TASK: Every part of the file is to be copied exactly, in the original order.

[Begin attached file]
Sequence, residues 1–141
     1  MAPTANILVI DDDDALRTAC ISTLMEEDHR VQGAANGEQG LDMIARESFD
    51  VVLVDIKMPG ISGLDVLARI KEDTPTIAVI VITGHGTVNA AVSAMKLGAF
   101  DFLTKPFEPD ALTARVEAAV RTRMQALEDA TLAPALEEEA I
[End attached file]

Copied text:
Sequence, residues 1–141
     1  MAPTANILVI DDDDALRTAC ISTLMEEDHR VQGAANGEQG LDMIARESFD
    51  VVLVDIKMPG ISGLDVLARI KEDTPTIAVI VITGHGTVNA AVSAMKLGAF
   101  DFLTKPFEPD ALTARVEAAV RTRMQALEDA TLAPALEEEA I